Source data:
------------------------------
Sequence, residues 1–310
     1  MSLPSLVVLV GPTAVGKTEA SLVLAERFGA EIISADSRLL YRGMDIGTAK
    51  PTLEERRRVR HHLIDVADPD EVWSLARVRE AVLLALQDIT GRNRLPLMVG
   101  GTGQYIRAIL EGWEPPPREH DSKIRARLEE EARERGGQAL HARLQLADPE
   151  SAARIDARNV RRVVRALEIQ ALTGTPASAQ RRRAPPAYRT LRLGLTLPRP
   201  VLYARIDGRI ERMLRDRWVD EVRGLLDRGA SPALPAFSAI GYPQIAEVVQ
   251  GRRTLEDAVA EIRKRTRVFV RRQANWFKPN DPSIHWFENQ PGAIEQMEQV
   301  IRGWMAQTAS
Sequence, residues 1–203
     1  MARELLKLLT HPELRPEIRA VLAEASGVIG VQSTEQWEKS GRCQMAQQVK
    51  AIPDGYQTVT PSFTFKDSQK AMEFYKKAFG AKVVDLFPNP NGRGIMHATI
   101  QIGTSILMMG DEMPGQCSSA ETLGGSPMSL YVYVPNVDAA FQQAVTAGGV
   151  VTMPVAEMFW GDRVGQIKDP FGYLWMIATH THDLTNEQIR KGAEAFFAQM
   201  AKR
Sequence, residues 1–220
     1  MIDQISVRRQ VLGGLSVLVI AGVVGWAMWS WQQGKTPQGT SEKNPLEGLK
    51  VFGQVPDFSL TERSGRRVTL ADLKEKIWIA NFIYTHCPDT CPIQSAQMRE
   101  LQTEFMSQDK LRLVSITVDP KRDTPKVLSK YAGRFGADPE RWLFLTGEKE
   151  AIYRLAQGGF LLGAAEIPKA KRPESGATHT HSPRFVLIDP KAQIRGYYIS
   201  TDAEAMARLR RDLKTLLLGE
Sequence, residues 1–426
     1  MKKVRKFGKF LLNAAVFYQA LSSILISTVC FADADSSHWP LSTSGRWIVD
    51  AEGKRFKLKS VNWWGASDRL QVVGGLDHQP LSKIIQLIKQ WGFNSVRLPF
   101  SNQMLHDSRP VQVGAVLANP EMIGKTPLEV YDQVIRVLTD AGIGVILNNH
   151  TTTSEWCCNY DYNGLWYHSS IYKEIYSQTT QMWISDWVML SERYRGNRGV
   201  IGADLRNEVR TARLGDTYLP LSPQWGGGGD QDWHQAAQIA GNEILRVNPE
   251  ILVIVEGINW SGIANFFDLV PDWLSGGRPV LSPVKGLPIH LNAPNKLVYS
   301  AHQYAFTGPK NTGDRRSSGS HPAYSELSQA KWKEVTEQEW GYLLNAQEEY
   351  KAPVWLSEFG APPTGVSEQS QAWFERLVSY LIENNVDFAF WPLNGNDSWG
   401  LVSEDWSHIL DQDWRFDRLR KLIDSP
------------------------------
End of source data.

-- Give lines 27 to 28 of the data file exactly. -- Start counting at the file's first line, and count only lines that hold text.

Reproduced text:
   251  ILVIVEGINW SGIANFFDLV PDWLSGGRPV LSPVKGLPIH LNAPNKLVYS
   301  AHQYAFTGPK NTGDRRSSGS HPAYSELSQA KWKEVTEQEW GYLLNAQEEY